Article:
This is the second part of my thoughts on self-development, and builds off of the article “On Self-Development”.
As I have mentioned in the “On Self-Development” piece to some degree or another, self-development is actually an incredibly simple thing. It is in fact so simple that it doesn’t inherently need to be taught. We as humans are naturally inclined to develop ourselves, and the general knowledge of how to do so is written into our being, comparable to our knowledge of how to eat and breathe.
The factor that separates self-development from breathing (which I claim is inherent knowledge) is that we can develop attitudes, receive societal conditioning and indulge in instant-gratification that works to distract us from the importance and methodology of self-development. To expand on the analogy, it’s similar to if one who is used to sea level moves to the mountains. It will be hard to adjust at first, but their breathing will eventually adapt so that the thin mountain air becomes the norm. Once they go back to sea level, they re-adjust to that thicker level of oxygen in the air and would have trouble breathing in the mountains once again, even though they inherently have the ability to do so. When we are accustomed to not developing ourselves, we perceive beginning self-development (breathing in the mountains) as painful and hard. In addition, society subtly frowns at and discourages those who develop themselves and promotes uniformity and “fitting in”. Also, things like fast-food, mindless television and other things we would never have access to during our development as humans cause us to prefer instant gratification and overshadows the delayed gratification of self-development. Why learn and perfect the skill of cooking when there is McDonald’s on every corner?
Along these same lines, learning self-development is incredibly simple but paradoxically complicated at the same time because it’s not a matter of finding new information, rather it is realizing information one already knew. Learning self-development is like losing your glasses only to find they are sitting on your forehead. It may take someone to point that out or you might figure it out on your own. This situation is comically ridiculous, yet it describes most people in regards to self-development.
The true key to self-development is not the knowledge itself, but the persistence and consistency to apply this knowledge over a long period of time until the point it becomes a part of you. That is the part where most fail—self-development isn’t interesting enough, the gratification isn’t fast enough or they consider themselves too busy to change their lifestyle in a way that incorporates self-development. This is the thing about self-development: you are making microscopic gains every single day and these gains pay dividends. It is like learning an instrument. It will take a lot of time before one is even competent at playing said instrument, but they do not have to become a full-fledged master before they can profit from their skill. Most who pick up an instrument quit out of frustration or perceived futility before they have a chance to be competent!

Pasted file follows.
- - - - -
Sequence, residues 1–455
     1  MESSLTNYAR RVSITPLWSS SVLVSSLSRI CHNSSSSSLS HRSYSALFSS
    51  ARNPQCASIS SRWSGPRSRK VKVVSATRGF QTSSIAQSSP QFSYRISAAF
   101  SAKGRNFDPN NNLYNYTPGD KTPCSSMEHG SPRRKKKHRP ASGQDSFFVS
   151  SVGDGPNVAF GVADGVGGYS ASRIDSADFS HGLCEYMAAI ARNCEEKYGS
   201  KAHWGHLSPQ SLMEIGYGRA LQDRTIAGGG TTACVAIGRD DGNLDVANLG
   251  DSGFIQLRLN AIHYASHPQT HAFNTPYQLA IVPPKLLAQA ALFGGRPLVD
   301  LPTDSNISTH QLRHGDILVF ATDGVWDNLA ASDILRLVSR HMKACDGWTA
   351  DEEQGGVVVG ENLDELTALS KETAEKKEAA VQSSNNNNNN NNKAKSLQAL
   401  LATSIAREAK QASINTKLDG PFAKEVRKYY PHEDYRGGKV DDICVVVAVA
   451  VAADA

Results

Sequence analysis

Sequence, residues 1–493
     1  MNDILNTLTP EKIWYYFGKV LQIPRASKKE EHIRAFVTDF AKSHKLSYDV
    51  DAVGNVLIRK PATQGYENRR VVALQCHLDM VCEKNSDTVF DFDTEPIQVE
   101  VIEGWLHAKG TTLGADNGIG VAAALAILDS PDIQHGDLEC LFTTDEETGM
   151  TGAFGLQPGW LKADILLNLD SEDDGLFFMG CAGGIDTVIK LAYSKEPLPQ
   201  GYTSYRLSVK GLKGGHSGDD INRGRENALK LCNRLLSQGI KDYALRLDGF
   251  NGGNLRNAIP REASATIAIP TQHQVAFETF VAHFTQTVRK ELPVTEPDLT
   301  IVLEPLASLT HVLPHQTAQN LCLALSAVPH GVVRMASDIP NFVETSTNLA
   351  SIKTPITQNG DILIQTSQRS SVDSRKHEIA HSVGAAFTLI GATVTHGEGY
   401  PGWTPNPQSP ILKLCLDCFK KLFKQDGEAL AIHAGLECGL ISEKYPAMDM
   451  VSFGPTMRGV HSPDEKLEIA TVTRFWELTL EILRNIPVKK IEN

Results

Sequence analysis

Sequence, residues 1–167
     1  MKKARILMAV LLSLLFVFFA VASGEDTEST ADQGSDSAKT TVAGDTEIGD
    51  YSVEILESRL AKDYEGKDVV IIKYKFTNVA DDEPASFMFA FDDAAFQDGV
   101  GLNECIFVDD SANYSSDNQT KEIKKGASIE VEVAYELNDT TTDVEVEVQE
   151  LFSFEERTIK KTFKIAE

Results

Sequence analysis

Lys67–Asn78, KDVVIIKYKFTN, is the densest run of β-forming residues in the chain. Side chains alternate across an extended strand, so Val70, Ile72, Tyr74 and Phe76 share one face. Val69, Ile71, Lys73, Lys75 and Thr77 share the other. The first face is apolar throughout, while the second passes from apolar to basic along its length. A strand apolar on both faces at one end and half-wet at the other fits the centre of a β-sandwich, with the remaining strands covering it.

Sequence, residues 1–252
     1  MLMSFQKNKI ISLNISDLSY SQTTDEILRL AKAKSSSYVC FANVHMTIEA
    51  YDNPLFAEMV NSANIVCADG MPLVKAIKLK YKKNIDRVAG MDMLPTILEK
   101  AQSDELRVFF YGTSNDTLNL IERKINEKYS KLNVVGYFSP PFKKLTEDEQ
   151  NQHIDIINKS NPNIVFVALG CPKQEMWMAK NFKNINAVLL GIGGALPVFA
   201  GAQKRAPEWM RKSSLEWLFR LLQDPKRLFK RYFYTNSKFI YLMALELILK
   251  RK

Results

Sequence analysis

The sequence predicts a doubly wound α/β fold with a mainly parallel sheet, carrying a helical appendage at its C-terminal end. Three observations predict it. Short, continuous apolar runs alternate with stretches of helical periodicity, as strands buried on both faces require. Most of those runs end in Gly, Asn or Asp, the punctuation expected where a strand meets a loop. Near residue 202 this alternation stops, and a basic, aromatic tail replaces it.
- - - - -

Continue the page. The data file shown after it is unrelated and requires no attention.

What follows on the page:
Along the way in the journey of self-development, you will consistently be making microscopic improvements in yourself that seem non-existent at first. Even so, there will be landmark events that give context to your journey and then your accumulated growth will be clear to you. These events can often be an interesting comment from the perspective of another, tackling a situation that you would not have been able to previously, or if your introspective ability is well-developed, you can sense your own improvement from the inside.
That being said, introspection is a key tool to self-development. Without introspection, self-development is like repairing a machine you’ve never seen before. Unless there are glaring issues, you are unlikely to find the problem quickly, and often will be working in the dark as you have to use your limited knowledge to tediously test all possibilities. In this way, you can end up making the problem worse before you make it better by changing something that was working in the first place. Introspection is like the machine’s manual; it is a map that allows one to see where they are in the process and how to progress from there. You can also use this map to see how far you have come. Introspection is a skill that is essentially the ability to read and understand yourself. The tool of introspection is not only indispensable in regards to self-development, but in regards to everything else because you cannot master anything until you master yourself. The most important part of this is being truthful to yourself as one can never improve if they cannot accept their own limitations and weaknesses.
Lastly, there are different sets of roadblocks and phenomena that come at different benchmarks to a person developing themselves. I plan to document some of these roadblocks and phenomena at a later time to create a comprehensive guide to what most will experience along their journey. The difficulty with that is everyone, including myself, is merely a student. Self-development is a lifelong discipline. That being said, one can only give insight into the stages they have already been to as there will undoubtedly be more they have not achieved yet.